It’s been a few weeks now since I completed my binge watch of all 295 episodes of Last Of The Summer Wine, and my mind is still percolating what I watched.
If nothing else the show is a remarkable body of work, whose sheer ubiquity seems to have rendered it … overlooked. Or not even overlooked. Every time I mentioned it on Twitter, I got some sort of reaction to it, from apathy, to confusion, to outright bile. And to be honest, most of that reaction seemed to be based on the perception of the show more than the reality.
The moment someone dismissed the show as Compo falling down a hill in the bath, I stopped listening.
It seems impossible to write and make a show for thirty plus years, year in, year out, whilst at the same time making hundreds of other episodes of other hit shows – a feat Roy Clarke acheieved, and is still adding to even now.
Anyone* can write twelve episodes of a show – try writing nearly three hundred of them.
Last Of The Summer Wine, in the Blamire years, starts as quite a bleak exploration of redundancy and the economic decline of a region. Three unemployed, and unemployable older men with nothing to do, revert to their childhoods, and wander around being bored, moving from pub to library to cafe to sweeping Yorkshire vistas. Everything is grubby, dillapidated and the women seem strong, but in constant fear of sexual assault.
And somehow it still feels cosy.
Aesthetically the show was probably decades ahead of its time. Eschewing the studio audience entirely in its later run, even when it did utilise sets, they were beautifully realised affairs. As Alan J W Bell directed through the years, he established a visual style that burned into peoples’ psyches. And he handled one shot blocking as masterfully as Spielberg (I’m not exaggerating).
When Blamire left, Foggy stepped in seamlessly, and the show probably found its voice. The bleakness was still there, but less overt. Foggy was nursing some serious PTSD, and in one moment unheard by any other character, admits to giving up everything he knew during torture. In that light, his bluster about his army days takes on a new meaning. He’s no longer just a fantasist, he’s a man trying to undo the psychological damage in his own mind.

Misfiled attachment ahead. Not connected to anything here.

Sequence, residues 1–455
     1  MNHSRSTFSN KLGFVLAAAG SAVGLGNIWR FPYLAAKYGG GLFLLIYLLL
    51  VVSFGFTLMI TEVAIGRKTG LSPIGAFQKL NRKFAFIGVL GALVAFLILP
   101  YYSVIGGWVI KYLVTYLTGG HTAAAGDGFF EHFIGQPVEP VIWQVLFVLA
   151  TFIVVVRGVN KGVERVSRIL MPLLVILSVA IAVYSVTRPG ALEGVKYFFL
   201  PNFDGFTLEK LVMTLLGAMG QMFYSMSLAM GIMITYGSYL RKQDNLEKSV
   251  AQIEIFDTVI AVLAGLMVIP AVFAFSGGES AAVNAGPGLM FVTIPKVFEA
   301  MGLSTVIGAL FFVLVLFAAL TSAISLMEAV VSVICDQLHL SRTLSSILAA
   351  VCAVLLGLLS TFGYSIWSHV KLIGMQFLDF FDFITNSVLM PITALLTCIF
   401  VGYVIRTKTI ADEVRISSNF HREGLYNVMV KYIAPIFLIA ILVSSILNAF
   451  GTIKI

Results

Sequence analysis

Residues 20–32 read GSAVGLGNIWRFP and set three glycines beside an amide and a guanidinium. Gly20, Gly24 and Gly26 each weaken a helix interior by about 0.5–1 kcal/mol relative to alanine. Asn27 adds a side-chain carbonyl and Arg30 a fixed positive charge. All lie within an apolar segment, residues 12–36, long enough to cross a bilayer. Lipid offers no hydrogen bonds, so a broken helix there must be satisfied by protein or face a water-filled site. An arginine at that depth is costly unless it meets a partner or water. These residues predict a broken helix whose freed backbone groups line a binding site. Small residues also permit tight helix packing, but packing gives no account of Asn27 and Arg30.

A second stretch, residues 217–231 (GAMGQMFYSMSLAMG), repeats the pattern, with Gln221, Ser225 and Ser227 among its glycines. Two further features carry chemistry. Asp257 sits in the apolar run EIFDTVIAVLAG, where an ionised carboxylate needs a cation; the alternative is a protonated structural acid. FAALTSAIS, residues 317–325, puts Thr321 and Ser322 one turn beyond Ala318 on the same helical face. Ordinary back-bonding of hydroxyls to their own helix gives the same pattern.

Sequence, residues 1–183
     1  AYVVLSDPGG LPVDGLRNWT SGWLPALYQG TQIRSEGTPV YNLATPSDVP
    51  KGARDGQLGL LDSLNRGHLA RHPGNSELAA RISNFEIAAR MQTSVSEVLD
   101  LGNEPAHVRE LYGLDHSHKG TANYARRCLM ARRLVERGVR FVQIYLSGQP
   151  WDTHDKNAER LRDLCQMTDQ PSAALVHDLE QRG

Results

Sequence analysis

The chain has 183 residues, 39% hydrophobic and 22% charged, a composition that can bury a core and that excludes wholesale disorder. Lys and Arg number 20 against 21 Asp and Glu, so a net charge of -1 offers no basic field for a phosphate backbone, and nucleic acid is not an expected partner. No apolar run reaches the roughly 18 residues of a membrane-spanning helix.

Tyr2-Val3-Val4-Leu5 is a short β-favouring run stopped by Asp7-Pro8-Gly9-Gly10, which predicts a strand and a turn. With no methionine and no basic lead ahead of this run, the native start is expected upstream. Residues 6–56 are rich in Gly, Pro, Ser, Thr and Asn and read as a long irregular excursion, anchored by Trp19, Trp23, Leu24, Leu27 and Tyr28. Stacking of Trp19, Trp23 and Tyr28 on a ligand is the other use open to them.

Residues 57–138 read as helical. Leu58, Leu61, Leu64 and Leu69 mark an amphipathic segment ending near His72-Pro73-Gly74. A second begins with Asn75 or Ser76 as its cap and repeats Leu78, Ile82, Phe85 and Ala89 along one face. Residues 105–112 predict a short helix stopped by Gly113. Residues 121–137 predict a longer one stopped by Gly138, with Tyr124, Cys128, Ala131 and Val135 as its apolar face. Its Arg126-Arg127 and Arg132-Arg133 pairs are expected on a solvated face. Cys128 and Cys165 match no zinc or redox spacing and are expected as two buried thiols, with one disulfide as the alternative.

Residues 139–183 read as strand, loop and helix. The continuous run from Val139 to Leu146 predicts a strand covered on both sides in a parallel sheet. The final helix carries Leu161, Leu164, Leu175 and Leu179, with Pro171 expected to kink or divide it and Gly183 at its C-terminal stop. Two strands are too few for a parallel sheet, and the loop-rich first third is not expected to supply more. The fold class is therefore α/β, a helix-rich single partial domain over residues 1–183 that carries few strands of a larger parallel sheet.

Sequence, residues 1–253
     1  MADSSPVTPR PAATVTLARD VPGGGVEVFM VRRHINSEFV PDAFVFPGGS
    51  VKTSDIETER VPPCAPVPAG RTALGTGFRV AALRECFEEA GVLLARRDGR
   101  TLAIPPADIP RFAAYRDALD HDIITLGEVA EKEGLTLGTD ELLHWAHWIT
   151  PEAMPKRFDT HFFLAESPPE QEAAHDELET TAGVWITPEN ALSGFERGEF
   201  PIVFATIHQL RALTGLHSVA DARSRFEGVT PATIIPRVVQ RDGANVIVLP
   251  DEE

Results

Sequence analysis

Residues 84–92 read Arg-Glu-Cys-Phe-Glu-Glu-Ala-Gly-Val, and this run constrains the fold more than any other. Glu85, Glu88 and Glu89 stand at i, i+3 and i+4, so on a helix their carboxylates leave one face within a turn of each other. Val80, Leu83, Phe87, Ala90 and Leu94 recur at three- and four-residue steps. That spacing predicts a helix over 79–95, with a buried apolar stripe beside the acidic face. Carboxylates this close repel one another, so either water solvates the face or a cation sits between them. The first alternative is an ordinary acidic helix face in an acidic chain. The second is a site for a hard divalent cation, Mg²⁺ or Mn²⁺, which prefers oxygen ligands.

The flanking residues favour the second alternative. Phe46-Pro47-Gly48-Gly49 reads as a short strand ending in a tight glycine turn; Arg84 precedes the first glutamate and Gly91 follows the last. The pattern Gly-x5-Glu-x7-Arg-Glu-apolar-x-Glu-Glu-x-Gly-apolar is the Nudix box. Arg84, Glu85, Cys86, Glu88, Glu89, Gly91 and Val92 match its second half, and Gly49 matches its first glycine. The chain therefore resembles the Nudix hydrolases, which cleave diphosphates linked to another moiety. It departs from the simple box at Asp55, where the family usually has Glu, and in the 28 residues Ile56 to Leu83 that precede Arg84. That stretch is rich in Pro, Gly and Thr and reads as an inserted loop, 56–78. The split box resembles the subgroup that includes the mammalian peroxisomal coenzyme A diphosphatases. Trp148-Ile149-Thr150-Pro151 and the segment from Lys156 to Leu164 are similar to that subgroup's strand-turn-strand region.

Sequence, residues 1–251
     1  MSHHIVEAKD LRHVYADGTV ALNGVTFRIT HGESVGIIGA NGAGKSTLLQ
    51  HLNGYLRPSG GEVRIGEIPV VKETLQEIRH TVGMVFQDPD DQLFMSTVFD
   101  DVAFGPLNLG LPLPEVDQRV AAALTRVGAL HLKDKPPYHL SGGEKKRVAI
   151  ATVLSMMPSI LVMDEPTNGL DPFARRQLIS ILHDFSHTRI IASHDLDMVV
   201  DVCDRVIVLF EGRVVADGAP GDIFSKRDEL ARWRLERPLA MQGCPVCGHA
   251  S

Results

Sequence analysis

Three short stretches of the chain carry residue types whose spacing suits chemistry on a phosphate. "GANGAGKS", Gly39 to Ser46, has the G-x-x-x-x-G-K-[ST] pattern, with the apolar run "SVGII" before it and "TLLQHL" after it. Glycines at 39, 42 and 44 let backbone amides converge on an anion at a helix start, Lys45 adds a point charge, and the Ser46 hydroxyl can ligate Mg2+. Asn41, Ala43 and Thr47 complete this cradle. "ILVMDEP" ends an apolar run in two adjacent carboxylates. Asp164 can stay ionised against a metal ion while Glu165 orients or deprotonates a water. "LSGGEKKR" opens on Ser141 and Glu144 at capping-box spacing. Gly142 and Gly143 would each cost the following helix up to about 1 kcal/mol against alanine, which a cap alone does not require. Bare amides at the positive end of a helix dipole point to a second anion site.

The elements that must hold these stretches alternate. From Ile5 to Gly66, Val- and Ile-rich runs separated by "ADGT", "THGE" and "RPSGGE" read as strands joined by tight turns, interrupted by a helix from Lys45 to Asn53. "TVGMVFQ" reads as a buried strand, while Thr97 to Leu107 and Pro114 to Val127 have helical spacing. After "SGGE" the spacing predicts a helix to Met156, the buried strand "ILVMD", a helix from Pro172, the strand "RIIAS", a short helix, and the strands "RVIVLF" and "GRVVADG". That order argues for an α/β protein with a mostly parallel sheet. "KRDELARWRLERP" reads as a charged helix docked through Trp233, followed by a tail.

Seymour sent the show down a broader path, with the stunts and pratfalls that had always been there becoming more prominent, before Foggy’s return bought it back to its earlier days. As time went on, and the show moved into the millenium, it went through many changes, but still felt like the same show. At the end, Russ Abbot evoked enough of Foggy and retained his own character that as the final shot lingered on my screen, after 295 episodes, I felt I wanted to watch some more.
Even after 37 years, Last Of The Summer Wine didn’t outstay its welcome.
Throughout its run it constantly surprised me. The feature length special that changed the way sitcoms approached Christmas; Compo returning to Dunkirk; The Secret Birthday Of Norman Clegg; John Cleese; an episode ending with the trio taking a very long piss together; an episode where they smear dog shit all over a country home; Compo falling down a hill in a bath.